When Offered: Fall every other year
Description: This class will present a model for planning instruction and supports that promote students’ full participation and learning of the general education curriculum within an inclusive general education classroom (preschool – high school). Students will learn how to design, implement, and evaluate supports in the categories of adapted materials, assistive technology, sensory, environmental, and emotional.

EDUC 954 - Leadership & Systems Change in Special Education
Instructor:
TBD
Credits: 2.0
When Offered: Spring every other year
Description: Leadership and advocacy are vital skills for teachers of students with intellectual and developmental disabilities. This course provides the knowledge and skills for educators to begin to initiate change processes within schools to benefit students with and without disabilities. Several models of systems change and sustainability of innovations will be presented and participants will develop a plan for facilitating change in their schools.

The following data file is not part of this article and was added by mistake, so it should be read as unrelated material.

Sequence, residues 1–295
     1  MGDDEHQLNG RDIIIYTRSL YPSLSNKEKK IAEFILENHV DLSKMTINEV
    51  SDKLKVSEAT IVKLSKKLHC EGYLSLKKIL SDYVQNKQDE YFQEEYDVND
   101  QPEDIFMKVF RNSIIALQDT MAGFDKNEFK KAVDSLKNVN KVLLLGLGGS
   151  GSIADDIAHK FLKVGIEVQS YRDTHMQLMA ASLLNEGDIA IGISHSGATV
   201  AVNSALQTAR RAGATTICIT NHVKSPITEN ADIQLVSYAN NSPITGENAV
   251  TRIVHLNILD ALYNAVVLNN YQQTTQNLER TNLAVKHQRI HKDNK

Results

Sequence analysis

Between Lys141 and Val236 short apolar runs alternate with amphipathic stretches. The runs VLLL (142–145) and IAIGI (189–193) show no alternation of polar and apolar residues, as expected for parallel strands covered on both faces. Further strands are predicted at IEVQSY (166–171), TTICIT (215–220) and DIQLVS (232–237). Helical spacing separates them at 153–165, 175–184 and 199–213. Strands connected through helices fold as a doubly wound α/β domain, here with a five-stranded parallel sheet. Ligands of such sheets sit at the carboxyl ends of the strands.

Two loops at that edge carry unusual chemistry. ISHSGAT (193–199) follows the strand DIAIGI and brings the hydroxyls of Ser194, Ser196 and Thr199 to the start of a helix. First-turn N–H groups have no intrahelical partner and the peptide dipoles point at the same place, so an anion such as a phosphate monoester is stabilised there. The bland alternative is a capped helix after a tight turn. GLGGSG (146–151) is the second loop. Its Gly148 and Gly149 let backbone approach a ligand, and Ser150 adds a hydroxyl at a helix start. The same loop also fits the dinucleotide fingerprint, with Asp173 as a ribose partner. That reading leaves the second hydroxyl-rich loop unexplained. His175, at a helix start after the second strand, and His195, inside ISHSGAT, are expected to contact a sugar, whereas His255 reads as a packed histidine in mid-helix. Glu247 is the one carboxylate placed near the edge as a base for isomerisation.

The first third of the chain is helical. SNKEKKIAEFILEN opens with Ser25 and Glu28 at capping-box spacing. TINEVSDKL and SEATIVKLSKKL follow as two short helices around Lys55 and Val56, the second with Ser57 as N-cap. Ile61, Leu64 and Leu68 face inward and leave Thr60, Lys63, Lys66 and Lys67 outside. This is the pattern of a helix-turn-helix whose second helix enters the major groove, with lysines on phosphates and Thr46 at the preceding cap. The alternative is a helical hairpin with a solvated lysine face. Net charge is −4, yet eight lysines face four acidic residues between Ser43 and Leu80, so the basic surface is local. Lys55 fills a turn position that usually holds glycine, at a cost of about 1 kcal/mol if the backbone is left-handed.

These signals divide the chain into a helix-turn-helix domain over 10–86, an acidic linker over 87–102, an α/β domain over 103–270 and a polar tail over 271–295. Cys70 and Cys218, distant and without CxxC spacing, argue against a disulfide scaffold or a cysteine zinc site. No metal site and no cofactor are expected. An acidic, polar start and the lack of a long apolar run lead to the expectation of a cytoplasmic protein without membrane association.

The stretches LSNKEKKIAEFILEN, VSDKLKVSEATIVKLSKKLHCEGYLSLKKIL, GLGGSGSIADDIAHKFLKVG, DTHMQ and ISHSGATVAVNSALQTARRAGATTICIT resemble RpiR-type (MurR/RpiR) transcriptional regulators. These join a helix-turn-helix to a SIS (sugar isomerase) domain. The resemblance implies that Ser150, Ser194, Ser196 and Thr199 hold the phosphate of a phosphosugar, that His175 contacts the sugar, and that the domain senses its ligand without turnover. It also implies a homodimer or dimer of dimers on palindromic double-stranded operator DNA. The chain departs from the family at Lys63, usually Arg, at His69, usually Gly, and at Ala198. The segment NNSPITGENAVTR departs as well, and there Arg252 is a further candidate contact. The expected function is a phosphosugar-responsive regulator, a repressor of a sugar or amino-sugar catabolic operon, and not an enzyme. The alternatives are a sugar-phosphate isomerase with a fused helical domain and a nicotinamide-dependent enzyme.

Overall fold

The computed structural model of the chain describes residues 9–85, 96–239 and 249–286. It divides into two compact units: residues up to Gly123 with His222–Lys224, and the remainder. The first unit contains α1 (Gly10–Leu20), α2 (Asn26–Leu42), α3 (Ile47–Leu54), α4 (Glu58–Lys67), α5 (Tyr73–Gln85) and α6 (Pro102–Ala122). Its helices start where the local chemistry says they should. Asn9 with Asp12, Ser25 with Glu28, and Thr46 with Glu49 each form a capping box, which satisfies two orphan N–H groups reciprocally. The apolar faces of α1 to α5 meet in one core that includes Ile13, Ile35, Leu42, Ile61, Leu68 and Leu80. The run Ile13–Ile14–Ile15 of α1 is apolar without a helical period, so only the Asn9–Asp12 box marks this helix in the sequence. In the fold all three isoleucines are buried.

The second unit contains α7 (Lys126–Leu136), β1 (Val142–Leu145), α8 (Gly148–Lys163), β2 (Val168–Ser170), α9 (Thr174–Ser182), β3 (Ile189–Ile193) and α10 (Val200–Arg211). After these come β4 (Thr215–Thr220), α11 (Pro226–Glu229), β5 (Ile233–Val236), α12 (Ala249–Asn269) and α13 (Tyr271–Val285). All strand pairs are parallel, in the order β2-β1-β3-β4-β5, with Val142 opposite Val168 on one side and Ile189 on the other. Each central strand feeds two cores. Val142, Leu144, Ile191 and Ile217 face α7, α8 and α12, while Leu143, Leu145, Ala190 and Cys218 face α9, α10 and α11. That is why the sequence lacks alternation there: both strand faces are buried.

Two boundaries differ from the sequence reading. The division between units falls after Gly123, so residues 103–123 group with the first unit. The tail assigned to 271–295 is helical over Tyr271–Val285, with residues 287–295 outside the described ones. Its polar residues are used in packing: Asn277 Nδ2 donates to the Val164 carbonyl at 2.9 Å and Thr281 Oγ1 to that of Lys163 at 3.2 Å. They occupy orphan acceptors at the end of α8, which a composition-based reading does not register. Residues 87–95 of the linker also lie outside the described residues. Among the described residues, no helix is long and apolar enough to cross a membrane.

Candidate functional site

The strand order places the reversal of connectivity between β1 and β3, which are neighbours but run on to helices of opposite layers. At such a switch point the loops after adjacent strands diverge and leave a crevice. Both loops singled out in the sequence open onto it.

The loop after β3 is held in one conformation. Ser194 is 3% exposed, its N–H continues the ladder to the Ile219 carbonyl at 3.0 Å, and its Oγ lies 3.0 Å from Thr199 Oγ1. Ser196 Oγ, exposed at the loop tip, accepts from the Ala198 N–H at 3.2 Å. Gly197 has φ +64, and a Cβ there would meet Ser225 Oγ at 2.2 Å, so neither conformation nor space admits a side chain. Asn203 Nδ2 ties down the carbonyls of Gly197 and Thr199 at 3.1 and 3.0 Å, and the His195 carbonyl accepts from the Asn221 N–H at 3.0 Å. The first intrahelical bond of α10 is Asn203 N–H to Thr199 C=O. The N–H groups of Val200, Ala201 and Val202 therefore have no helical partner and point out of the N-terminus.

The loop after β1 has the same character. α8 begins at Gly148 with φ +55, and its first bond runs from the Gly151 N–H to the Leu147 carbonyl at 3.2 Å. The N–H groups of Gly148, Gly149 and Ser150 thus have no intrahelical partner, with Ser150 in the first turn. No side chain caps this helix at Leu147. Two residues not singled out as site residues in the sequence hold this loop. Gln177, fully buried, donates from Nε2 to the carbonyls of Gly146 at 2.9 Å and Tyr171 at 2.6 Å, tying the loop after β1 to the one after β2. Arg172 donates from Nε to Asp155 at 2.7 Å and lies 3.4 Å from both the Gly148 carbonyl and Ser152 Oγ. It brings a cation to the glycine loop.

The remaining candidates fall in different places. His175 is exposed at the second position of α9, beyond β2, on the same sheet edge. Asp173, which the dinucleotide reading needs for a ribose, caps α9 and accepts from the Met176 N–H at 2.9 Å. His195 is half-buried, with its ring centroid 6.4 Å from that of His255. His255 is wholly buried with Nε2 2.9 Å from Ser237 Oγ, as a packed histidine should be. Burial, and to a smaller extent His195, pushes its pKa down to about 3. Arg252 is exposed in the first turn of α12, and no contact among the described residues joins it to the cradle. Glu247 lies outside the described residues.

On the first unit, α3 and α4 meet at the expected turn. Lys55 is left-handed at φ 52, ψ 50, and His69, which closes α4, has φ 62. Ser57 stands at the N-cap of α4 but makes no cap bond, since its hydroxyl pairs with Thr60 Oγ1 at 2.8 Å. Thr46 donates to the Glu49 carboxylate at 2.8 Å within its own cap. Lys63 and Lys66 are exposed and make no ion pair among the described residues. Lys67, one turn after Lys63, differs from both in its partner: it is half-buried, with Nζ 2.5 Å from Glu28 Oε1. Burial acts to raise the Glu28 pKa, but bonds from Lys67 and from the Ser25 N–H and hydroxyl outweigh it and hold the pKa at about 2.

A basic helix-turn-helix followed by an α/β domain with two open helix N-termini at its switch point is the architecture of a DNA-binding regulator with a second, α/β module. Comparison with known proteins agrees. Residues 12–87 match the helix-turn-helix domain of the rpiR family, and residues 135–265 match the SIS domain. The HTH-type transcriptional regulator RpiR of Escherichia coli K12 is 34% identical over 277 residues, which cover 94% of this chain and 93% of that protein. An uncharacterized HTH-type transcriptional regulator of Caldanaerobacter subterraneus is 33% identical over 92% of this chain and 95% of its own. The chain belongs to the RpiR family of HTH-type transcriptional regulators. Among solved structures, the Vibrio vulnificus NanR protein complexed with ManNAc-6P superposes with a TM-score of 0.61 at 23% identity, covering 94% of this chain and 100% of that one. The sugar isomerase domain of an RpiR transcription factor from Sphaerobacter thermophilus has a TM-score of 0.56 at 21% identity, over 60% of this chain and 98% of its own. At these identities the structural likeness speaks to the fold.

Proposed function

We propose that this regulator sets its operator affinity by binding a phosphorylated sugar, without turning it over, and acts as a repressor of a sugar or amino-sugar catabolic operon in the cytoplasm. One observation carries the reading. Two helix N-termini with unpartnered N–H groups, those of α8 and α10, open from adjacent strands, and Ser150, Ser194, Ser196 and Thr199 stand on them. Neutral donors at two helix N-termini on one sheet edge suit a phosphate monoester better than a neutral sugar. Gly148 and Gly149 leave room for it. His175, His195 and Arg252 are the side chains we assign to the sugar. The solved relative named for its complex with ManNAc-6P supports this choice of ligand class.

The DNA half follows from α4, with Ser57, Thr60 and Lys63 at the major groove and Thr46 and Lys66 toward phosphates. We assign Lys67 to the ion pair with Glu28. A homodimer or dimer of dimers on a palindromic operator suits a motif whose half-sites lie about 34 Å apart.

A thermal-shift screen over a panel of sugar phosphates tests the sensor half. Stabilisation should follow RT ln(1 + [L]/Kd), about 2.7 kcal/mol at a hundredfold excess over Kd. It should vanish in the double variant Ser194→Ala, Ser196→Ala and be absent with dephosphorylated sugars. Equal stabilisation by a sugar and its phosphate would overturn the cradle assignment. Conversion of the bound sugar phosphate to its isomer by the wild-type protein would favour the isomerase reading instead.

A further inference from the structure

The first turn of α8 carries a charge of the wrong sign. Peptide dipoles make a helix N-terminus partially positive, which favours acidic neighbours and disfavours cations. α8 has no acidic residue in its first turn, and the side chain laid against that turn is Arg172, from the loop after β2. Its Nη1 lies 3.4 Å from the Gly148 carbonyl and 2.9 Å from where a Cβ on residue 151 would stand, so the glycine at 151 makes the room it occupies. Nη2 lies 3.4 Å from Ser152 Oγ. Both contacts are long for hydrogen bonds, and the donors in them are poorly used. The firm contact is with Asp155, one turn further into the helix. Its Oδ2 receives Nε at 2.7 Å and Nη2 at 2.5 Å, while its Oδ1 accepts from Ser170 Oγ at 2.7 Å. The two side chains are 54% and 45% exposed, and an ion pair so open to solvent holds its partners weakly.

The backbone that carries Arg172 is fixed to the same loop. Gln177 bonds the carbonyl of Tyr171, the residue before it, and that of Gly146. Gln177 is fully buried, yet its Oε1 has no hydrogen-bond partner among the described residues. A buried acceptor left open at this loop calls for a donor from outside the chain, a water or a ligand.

HHS 444 - The Right to be Disabled in the Extreme Makeover Society
Instructor:
TBD
Credits: 4.0
When Offered: Spring
Description: Explores how society's view of disability, its "construction," is influenced by a variety of cultural variables and the implications of that construction on institutions such as medicine and health care, education, the arts, the legal system, architecture and engineering, etc.

HHS 798/898 - Special Topics in Neurodevelopmental Disorders (LEND) Seminar
Instructor:
Betsy Humphreys   
Credits: 3.0
When Offered: Fall & Spring